By Linda Evans and Bill Evans
As is the norm for any tragic event on American soil, first there are the stories of immense heroism, then the finger pointing begins and soon after the lawsuits and gag orders…and the Indiana State Fair stage collapse of August 13 is no exception. Here we are, 10 days after the tragic collapse as we say goodbye to the 7th and latest victim: Meagan Toothman, 24, a cheerleading coach from Ohio.
In this tragedy’s wake there have been no less than three lawsuits already filed with another being prepped: the first two, filed on Friday on behalf of survivor Janeen Beth Urschel and her partner Tammy VanDam, who died of her injuries, seeks damages of $50 million for VanDam’s estate and $10 million plus punitive damages for Urschel. The defendants named include Mid-America Sound Corp. of Greenville, Ind. (the providers of the stage, lighting and audio), Live 360 Group (the booking agency) and Ticketmaster owners, Live Nation Entertainment who are listed as the event promoters. In the case of VanDam, they have also named the state of Indiana. Note that under Indiana law, the state’s liability is capped at a maximum of $5 million per accident.
The third is a class action lawsuit that was filed on Monday, August 22 on behalf of all victims of the Indiana State Fair stage collapse but naming Angela Fischer, who was attending the Sugarland concert. According to their press release, the attorneys at Cohen & Malad, LLP claim that Fischer’s boyfriend got her out of harms way as the stage collapsed, but that she witnessed the “graphic and horrific” aftermath, including the death of another concert-goer citing “emotional distress.” The lawsuit names the State of Indiana, the State Fair Commission, Mid-America Sound, Indiana State Police, Live Nation, and all those associated with putting on the show. The class action lawsuit also alleges that there were defects in the design and manufacture of the Supertruss load bearing roof structure. The class action lawsuit was filed in Marion County Superior Court and has been assigned to Judge Theodore M. Sosin but law experts have been reported by other news outlets as saying it’s somewhat unusual for a class action claim and will be a challenging one because they’re not talking physical injuries but emotional ones.
According to the Indianapolis Star a fourth lawsuit is in its preliminary stages on behalf of security guard Glenn Goodrich, who was killed by the falling structure.
As is too often the case with the U.S. civil law system, the lawsuits seek to do a lot more than just compensate the injured and families of those killed. Lawyers for Urschel and the estate of VanDam have made it clear that they intend to use the legal action to force changes in the rights of same-sex couples in the state of Indiana and in the case of Fischer, damages are being sought on behalf of someone who escaped the incident without physical injury. Under the logic presented in the class action, everyone attending the concert is a potential “victim” and eligible for damages. However, class-action lawsuits have to get over a couple of legal hurdles before they are allowed to proceed unlike a suit filed by on on behalf of a specific person or established entity. In the case of an individual or company suing someone, the only legal qualification for filing is the ability to pay a lawyer.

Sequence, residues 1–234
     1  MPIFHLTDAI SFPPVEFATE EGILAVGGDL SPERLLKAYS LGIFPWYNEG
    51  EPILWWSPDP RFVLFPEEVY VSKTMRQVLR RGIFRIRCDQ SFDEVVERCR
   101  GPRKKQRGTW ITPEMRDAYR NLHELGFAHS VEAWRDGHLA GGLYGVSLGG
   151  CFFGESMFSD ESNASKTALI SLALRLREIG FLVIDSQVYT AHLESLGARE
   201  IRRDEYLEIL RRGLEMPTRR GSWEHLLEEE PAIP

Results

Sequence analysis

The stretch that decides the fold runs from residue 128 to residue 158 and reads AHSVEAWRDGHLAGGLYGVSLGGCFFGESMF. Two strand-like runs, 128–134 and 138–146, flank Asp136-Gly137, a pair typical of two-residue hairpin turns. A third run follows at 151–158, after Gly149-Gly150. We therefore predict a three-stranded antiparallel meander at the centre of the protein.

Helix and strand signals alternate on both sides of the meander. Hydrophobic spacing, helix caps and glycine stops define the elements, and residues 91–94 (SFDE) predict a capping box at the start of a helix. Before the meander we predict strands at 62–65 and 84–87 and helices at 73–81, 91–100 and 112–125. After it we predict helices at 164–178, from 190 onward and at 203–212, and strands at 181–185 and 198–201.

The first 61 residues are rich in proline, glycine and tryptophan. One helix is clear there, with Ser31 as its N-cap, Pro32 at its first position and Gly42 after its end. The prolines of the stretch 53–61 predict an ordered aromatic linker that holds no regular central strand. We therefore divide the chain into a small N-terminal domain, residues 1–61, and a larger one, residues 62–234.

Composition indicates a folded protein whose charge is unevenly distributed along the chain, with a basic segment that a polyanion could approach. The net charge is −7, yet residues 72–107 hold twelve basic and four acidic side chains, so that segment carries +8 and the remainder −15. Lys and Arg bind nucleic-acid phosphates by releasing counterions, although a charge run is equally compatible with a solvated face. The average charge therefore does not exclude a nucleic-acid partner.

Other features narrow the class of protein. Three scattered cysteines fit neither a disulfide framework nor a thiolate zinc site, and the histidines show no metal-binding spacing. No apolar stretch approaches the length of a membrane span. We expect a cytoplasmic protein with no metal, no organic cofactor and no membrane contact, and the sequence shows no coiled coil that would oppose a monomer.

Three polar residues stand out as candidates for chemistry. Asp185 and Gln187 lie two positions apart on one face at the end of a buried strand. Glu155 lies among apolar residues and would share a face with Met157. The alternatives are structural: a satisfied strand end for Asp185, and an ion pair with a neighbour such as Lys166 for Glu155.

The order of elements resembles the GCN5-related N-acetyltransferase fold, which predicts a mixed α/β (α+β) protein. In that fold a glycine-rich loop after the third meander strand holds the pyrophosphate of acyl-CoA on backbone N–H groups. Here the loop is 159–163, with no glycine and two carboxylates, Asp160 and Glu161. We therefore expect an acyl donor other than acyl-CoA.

In an event like this in which multiple parties are named as defendants, the doctrine of “deep pockets” comes into play. In this case, the venue was the State of Indiana whose liability is capped by law and plaintiffs’ ability to collect damages from equipment providers may be limited to the amount of insurance the company has. In the case of Mid-America–according to the latest edition of the Event Production Directory published by Timeless Communications–that amount is somewhere between $1 million and $3 million. The booking agency (Live 360) and promoter (Live Nation), the staging provider and manufacturer and the state of Indiana have already been named. So far, no suit has named the union (IATSE) whose members manned the stage and one of whom–51-year-old Nate Byrd is among the dead. SoundProLive has received copies of communications to union members from Local 30 officials urging them not to talk to the media about this event. In short, they are “lawyering up.”
Of the seven who have died to date, only the estate of one has actually filed and specified damages and those come to $50 million. There are six more who died and dozens who were seriously injured. This is going to be expensive and itwill go on for a long time before the dust settles.
But, before that even happens, we can expect that the live event production industry will be changed forever. Some audio companies are already refusing to provide climber truss for any of their clients as they see the potential for their insurance costs to skyrocket. Some smaller staging providers may well be put out of business by the inevitable increase in insurance premiums throughout the industry and across “shop lines.” Increases in costs for everything from insurance to actual tickets are widely expected as is increased governmental attention to our industry and probably increased regulation.
This next part is opinion: The best thing the Live Event Industry can do right now to influence what effects this event will have on the future of the business is to organize a task force made up of heavy-hitters from the audio, lighting, staging and video worlds and fronted by a “name” production manager who knows how to communicate with the media and who has the credentials needed to be taken seriously by legislative committees and the mainstream consumer media.